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Half Moon Bay, California

Teacher: Olfana

Topic: Excerpt from Understanding Disaffected Youth

July 20, 2000

From: SK

Hi everyone,

For anyone who has dealt with raising a disaffected, or rebellious young person, I thought you might appreciate these words of counsel from Olfana.

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Excerpt: Olfana on "Understanding Today's Disaffected or Rebellious Youth"

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Student: Olfana, I'm so grateful for the progress my daughter has made since the last time we spoke.

Olfana: There are many reasons to feel heartened regarding your daughter's development. She is recognizing in herself powers and potentials that she did not trust in, up until recently. And it had much to do with why she would escape into a narcotic euphoria of one kind or another. That, perhaps, she did not have "what it takes," as it were, to handle life effectively. And she is getting past that anxiety.

Please, try to remember, try to hold on to the idea that this is much more overwhelming and emotionally provocative world that these young people are entering into. The most you and S. faced in terms of "world anxieties" were, perhaps, the question of over-population and a limited perspective, perhaps, about some of the species on the planet. But, My God, look what these young people face, now, in the way of potential fears...

"Will my life be touched by AIDS? Will my life be touched by violence? Will my life be touched by the plagues, the potentials of the world chaos, the remaining concerns regarding nuclear violence and the instability of the world?"

By the time you and S. approached your college years, you both had some sense of confidence that the world stress of the nuclear problems would, indeed, be dealt with. There was the sense that the authorities in charge did somehow know what they were doing. But, these children have seen so many examples of adult ineptitude, ways in which the very leaders of the world are not, indeed, responsible people, at times, not capable of handling the moral vicissitudes that they are expected to administer and respond to. No wonder they wish to escape, at times. No wonder they "get cold feet" about what they will do with their own particular life amidst all the chaos that they are led to feel exists in the world.Student: Fear of having children, too.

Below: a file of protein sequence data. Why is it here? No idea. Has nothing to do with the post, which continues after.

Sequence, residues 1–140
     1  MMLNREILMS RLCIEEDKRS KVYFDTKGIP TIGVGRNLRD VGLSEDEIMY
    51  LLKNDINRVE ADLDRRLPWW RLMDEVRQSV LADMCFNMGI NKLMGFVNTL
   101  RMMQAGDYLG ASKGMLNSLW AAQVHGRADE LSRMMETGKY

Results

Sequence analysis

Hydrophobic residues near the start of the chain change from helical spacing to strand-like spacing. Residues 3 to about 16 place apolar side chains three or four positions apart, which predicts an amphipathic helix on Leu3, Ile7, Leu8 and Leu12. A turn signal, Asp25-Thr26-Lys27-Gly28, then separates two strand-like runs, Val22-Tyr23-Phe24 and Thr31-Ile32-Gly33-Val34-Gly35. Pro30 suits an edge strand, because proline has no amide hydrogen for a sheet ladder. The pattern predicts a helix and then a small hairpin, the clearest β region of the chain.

Olfana: Fear of "you name it." What area of life can you think that they face without a sense that there could be a problem? Their careers? Will they have a marriage that will remain stable? Will the air be breathable by the time they have grandchildren? Will the oceans continue to die? What part of life is not in some way tinged with this deep anxiety for them, now? And, you see it in their music. You see it in the markings, the tattoos, the violence, the way they dress. They are crying out with this deep anxiety and, at times, the rest of us, and I do not necessarily include The Teachers, but I am speaking as if I am now with you, the rest of the world can sometimes merely look on and say, "My God, look at those nose piercings. How hideous! My God, who would want such a tattoo on their arm by the time they reach their forties?"

Some of these children have no faith they will live that long. It is that deep a sense of despair and anxiety. So be patient with your daughter. Speak of your own hopes for the world. Encourage her just as you now see in the example of Ct. (S's daughter, 20 years old), being encouraged. That there is, indeed, hope for the world. That there are good things astir. That you not only hope for this, but, you see evidence of it. And as long as you say this in a soft, companionable way, she will not feel assaulted by too much of your cheerleader-like energy, at times, which she will definitely respond to, back off from. (Smiling) Do you understand the dynamic I speak of here?

Student: (Smiling) My overbearing enthusiasm.

Olfana: (Smiling) Yes. As thought she needs to adopt this because you believe it so strongly. Rather than, this is your perspective that you're sharing with her, and now she needs to think about these things. She needs to decide if this is something that feels comfortable, that she can incorporate into herself.

And believe me, the doors are open right now. Your daughter is listening. She is not in the same shut off, shut down, retained mood. And you have real opportunities to help guide her now. Also, her friends are changing, her associations. And this is all to the good. And, again, if you can support her in the fact that she is welcome to bring her friends around you. You might propose, for instance, 'Why not, let's go to lunch? Why not, you pick a friend, and let's the three of us go out for lunch. My treat." And just offer that sense of a social opportunity for her. And I encourage you to look for good results from such activities. (end of excerpt)Half Moon Bay, CA Teaching Mission Group